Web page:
(4) We have yet to ask the great question, what is the specific blessing expressed by the elements, and therefore surely given to the faithful by the sacrament. Too many are content to think vaguely of Divine help, given us for the merit of the death of Christ. But bread and wine do not express an indefinite Divine help, they express the body and blood of Christ, they have to do with His Humanity. We must beware, indeed, of limiting the notion overmuch. At the Supper He said not "My flesh," but "My body," which is plainly a more comprehensive term. And in the discourse when He said "My Flesh is meat indeed," He also said "I am the bread of life . . . He that eateth Me, the same shall live by Me." And we may not so carnalize the Body as to exclude the Person, who bestows Himself. Yet is all the language so constructed as to force the conviction upon us that His body and blood, His Humanity, is the special gift of the Lord's Supper. As man He redeemed us, and as man He imparts Himself to man.
Thus we are led up to the sublime conception of a new human force working in humanity. As truly as the life of our parents is in our veins, and the corruption which they inherited from Adam is passed on to us, so truly there is abroad in the world another influence, stronger to elevate than the infection of the fall is to degrade; and the heart of the Church is propelling to its utmost extremities the pure life of the Second Adam, the Second Man, the new Father of the race. As in Adam all die, even so in Christ shall all be made alive; and we who bear now the image of our earthy progenitor shall hereafter bear the image of the heavenly. Meanwhile, even as the waste and dead tissues of our bodily frame are replaced by new material from every meal, so does He, the living Bread, impart not only aid from heaven, but nourishment, strength to our poor human nature, so weary and exhausted, and renovation to what is sinful and decayed. How well does such a doctrine of the sacrament harmonize with the declarations of St. Paul: "I live, and yet no longer I, but Christ liveth in me." "The Head, from whom all the body being supplied and knit together through the joints and bands, increaseth with the increase of God" (Galatians 2:20; Colossians 2:19).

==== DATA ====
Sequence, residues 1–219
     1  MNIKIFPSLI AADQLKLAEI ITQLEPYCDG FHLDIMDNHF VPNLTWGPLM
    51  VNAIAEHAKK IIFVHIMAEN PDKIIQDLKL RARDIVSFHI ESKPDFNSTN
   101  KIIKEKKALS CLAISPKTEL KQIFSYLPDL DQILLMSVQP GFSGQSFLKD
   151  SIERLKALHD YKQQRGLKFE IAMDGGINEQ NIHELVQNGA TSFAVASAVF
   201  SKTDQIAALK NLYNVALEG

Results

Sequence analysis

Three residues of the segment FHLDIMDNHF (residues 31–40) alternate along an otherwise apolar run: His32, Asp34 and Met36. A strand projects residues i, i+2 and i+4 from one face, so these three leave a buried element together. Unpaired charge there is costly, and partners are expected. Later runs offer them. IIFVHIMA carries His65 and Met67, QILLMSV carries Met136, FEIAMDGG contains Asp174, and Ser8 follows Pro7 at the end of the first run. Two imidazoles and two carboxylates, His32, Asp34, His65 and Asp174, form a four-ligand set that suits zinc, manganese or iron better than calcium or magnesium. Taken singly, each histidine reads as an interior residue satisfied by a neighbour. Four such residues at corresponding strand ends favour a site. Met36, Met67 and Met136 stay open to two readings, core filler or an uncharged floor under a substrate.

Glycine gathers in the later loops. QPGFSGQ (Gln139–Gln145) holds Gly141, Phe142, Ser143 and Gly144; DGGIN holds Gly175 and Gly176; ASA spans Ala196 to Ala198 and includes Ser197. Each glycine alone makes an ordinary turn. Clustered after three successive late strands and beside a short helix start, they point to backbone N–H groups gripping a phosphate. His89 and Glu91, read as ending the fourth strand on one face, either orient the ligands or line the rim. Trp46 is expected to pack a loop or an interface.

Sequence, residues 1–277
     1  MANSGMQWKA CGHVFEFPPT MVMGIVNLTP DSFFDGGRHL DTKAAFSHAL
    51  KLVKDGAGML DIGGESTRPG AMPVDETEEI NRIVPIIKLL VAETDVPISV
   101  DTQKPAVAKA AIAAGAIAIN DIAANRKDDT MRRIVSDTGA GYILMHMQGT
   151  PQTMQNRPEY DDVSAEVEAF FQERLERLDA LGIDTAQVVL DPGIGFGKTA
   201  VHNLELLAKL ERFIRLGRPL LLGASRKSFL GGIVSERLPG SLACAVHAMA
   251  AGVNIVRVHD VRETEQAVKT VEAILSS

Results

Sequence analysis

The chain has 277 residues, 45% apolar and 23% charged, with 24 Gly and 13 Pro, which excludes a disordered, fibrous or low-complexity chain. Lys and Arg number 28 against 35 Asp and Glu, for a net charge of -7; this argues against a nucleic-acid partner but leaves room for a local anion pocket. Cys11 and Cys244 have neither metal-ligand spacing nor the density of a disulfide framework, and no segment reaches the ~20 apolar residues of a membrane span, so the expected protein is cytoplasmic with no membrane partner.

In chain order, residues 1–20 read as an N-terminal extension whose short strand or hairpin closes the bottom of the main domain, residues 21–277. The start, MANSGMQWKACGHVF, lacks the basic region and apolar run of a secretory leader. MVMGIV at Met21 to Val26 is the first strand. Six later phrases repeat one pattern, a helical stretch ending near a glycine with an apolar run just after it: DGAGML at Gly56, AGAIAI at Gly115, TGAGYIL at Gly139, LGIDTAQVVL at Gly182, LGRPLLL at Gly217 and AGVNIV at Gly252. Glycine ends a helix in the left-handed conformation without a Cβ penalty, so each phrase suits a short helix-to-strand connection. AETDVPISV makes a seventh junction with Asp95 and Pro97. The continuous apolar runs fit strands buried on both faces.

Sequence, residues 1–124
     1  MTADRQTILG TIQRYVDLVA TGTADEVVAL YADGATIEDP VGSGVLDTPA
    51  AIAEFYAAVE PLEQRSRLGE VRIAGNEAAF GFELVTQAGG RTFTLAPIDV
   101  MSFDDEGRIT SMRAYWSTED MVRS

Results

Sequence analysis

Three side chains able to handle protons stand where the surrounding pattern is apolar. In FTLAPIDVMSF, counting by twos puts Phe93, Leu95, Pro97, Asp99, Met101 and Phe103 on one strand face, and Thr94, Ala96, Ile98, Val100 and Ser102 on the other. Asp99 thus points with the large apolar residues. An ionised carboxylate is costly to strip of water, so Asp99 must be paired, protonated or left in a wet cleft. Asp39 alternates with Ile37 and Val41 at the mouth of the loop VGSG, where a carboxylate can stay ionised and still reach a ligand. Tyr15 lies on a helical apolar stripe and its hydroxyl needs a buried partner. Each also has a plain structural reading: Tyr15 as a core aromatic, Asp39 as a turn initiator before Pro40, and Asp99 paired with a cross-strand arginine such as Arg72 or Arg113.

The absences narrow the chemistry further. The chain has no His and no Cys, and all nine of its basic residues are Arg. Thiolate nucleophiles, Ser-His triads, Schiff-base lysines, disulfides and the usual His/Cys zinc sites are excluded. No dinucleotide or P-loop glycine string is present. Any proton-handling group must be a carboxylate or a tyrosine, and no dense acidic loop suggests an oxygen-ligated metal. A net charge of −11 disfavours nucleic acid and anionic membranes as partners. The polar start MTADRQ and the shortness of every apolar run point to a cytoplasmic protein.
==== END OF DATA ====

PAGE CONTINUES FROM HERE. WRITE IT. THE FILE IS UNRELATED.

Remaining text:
(5) In the brief narrative of St. Mark, there are a few minor points of interest.
Fasting communions may possibly be an expression of reverence only. The moment they are pressed further, or urged as a duty, they are strangely confronted by the words, "While they were eating, Jesus took bread."
The assertion that "they all drank," follows from the express commandment recorded elsewhere. And while we remember that the first communicants were not laymen, yet the emphatic insistence upon this detail, and with reference only to the cup, is entirely at variance with the Roman notion of the completeness of a communion in one kind.
It is most instructive also to observe how the far-reaching expectation of our Lord looks beyond the Eleven, and beyond His infant Church, forward to the great multitude which no man can number, and speaks of the shedding of His blood "for many." He, who is to see of the travail of His soul and to be satisfied, has already spoken of a great supper when the house of God shall be filled. And now He will no more drink of the fruit of the vine until that great day when the marriage of the Lamb having come and His Bride having made herself ready, He shall drink it new in the consummated kingdom of God.
With the announcement of that kingdom He began His gospel: how could the mention of it be omitted from the great gospel of the Eucharist? or how could the Giver of the earthly feast be silent concerning the banquet yet to come?